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Old Apr 4, 2005, 4:48 PM   #1
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Old Apr 4, 2005, 7:53 PM   #2
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sorry didnt know what you want?? comments or not???
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Old Apr 4, 2005, 8:41 PM   #3
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I don't understand you comment.
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Old Apr 4, 2005, 10:44 PM   #4
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It looks nice to me butIm not really sure about the lighting. Perhaps a different crop as it seems a little too central, I feel as if she needs more space in the area she is looking than behind her if you get what I mean. Just my opinion:-)It's a nice candid shot though.
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Old Apr 5, 2005, 12:44 AM   #5
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it's nice. the major nit for me is the background. it takes away from the woman. just my 2 cents.

dennis
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Old Apr 5, 2005, 2:15 AM   #6
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Meryl,
This is a very nice candid, and I'm glad to see this image here, I think you did a great job capturing her.
I don't know if you are open to it but my only constructive suggestion is to -slightly- blur or darken the background... this is only because my eye tends to start to look there instead. But honestly, there is very little to improve.

Jane
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Old Apr 5, 2005, 10:19 AM   #7
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I think that I have discovered something about my setup that has contributed to the responses that I have been getting.

My home monitor is...to say the least...getting old (who isn't?) and doesn't have the same dynamic range as it used to. When I setup this shot at home, the background was so dark that the people in the background were not visible at all and so I did nothing to minimize them.

NOW, when I get to work and see the same shot on my much newer monitor here...I can see the background people 'pop' into view and, I agree with the suggestions from the group. (Something needs to be done to minimize the distractions they create.)

This leads me to wonder about how many different monitors there are out there. All looking at images through the deficiencies or poor setups of their monitors. I would suggest that most people don't (or even know how to) calibrate their screens and (in the case of older monitors) some may not even be capable of accurate calibration any more. I makes me hesitant to criticize someone's shot for being too dark or for having blown out highlights...maybe the shot is fine and MY monitor is lousy!

I suppose a histogram would help but, in the case of this shot for example, I set the black level from her black sweater and STILL the people are visible in the background on my work monitor (and on everybody elsess as well) but not on my home screen.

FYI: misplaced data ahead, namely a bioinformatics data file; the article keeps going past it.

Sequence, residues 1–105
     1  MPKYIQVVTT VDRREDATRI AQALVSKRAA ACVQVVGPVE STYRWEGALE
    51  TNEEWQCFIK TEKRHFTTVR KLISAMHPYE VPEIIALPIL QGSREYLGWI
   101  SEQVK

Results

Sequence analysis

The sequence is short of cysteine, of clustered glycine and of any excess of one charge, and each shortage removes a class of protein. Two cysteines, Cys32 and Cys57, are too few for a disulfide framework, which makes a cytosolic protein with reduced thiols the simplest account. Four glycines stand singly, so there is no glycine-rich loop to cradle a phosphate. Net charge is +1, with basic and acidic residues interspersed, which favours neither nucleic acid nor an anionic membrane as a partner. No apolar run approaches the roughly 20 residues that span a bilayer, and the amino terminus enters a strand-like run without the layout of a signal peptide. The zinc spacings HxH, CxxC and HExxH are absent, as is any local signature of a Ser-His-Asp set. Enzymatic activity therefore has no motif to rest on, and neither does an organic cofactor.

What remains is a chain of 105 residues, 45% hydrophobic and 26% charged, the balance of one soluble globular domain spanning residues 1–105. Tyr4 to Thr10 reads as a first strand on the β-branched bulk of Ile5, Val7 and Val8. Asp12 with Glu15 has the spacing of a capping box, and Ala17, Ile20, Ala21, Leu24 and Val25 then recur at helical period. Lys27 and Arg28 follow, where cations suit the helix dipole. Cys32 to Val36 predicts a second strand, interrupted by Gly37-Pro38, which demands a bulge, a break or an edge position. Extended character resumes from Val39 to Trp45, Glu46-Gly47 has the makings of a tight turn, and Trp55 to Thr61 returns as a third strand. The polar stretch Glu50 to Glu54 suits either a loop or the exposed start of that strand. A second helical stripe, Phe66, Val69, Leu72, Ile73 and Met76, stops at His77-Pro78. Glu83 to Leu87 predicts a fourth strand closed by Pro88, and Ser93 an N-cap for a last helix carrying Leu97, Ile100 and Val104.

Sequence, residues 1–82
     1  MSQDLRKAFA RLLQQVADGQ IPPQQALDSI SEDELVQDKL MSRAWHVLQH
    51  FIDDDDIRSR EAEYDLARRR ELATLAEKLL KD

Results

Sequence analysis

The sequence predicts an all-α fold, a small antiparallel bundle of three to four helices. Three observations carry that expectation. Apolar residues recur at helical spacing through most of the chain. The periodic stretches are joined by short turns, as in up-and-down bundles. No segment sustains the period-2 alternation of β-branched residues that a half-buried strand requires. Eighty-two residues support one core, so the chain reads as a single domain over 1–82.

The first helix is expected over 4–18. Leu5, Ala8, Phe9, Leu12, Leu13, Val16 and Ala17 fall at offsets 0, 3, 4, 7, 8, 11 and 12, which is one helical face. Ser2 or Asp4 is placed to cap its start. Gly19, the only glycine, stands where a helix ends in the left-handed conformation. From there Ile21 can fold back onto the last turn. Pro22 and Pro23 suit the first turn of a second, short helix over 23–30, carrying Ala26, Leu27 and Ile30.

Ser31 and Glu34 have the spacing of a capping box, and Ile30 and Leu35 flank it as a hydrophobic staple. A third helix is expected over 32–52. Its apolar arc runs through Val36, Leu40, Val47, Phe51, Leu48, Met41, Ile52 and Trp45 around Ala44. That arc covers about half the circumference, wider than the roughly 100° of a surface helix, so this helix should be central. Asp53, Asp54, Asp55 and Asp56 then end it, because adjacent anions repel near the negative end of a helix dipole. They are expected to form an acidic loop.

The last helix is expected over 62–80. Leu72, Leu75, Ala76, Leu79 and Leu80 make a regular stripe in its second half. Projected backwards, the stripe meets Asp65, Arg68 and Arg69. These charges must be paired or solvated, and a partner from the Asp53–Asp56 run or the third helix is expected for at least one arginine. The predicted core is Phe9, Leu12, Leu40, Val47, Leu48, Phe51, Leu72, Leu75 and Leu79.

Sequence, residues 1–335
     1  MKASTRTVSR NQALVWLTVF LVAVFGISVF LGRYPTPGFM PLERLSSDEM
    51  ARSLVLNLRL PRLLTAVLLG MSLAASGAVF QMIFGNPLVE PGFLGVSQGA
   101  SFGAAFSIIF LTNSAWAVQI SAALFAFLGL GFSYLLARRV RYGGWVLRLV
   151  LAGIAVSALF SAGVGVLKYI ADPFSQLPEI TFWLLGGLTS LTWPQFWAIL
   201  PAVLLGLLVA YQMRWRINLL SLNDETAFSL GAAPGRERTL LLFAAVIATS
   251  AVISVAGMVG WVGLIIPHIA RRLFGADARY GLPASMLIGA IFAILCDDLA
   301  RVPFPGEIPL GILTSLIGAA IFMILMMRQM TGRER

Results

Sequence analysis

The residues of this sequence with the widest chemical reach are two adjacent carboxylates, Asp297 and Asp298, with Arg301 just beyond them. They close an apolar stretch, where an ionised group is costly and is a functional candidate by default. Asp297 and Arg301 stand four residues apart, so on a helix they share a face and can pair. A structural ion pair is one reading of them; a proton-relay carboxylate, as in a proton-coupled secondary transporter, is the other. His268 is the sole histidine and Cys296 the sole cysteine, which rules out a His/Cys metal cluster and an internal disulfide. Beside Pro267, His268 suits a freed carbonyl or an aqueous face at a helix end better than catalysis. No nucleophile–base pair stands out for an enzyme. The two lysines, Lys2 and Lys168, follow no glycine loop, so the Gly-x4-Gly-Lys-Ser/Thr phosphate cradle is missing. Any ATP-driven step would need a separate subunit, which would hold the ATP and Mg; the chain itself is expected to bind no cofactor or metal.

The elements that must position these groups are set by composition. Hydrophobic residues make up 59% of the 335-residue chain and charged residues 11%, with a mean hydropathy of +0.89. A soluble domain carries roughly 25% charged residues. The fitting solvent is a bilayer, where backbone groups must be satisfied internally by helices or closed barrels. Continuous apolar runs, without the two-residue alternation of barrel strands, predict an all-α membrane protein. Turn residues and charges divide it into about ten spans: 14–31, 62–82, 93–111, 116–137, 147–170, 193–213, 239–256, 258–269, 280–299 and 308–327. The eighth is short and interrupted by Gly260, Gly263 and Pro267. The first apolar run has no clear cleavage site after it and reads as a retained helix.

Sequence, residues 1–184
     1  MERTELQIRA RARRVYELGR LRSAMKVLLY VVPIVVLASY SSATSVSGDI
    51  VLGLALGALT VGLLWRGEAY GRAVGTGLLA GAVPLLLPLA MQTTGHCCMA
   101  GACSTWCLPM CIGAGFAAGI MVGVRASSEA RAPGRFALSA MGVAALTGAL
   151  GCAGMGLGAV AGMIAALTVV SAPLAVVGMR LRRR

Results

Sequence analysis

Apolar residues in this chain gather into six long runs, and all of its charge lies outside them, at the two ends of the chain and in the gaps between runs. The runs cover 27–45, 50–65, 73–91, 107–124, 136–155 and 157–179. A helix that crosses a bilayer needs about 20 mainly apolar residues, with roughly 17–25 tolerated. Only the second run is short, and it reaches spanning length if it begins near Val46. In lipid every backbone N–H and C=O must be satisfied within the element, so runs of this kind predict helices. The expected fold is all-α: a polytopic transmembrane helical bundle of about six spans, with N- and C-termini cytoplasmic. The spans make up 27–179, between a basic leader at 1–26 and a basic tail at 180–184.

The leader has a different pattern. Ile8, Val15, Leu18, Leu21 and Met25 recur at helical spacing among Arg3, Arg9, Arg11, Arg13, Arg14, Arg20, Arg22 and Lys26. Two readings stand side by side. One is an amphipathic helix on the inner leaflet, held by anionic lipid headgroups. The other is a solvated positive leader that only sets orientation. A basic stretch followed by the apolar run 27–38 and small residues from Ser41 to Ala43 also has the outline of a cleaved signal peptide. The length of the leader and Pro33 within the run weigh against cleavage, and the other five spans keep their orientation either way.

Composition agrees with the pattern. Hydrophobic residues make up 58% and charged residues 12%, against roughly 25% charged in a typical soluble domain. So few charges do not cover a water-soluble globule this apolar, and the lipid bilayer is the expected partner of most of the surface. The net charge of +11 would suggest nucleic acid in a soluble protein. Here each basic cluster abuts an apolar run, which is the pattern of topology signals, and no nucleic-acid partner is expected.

How many times have we heard people say that a shot 'looked great on the LCD but is too dark on the screen'. They could have an aging monitor like I do AND, if they brighten up the shot so it looks 'good' on THEIR monitor..it will look lousy on everybody elses'. It is difficult because you can't predict what other people's screen settings are going to be.
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Old Apr 6, 2005, 10:30 PM   #8
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My previous comment was regarding only the subject and wasn't really considering the image overall in my praise- also figured you might possibly be looking for editing advice.
I calibrate my monitor with a spyder, and on my other monitors previously, I used any and all software that I could get off the web or used Adobe. Almost every photographer I personally know also calibrates their monitor. I'd hazard a guess that the majority of the enthusiast photographers on this site and other large photo forums do, at least attempt to calibrate if not completely replace their monitors if needed.

Here is a very quick edit of your picture (if you mind- I'll take it off)... and I guess this is one way to remove the background.

Jane
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Old Apr 7, 2005, 10:18 AM   #9
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Hi Meryl,

Your photo "speaks" to this forum member.

It "speaks" of the life experiences of your subject, of her inherent kindness, of her gentility.

BJane has definitely worked her magic to bring out the best in your subject.
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Old Apr 7, 2005, 5:50 PM   #10
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Yes...very nicework. This lets the viewer settle down and see the subject without distraction. Best regards,

KennethD
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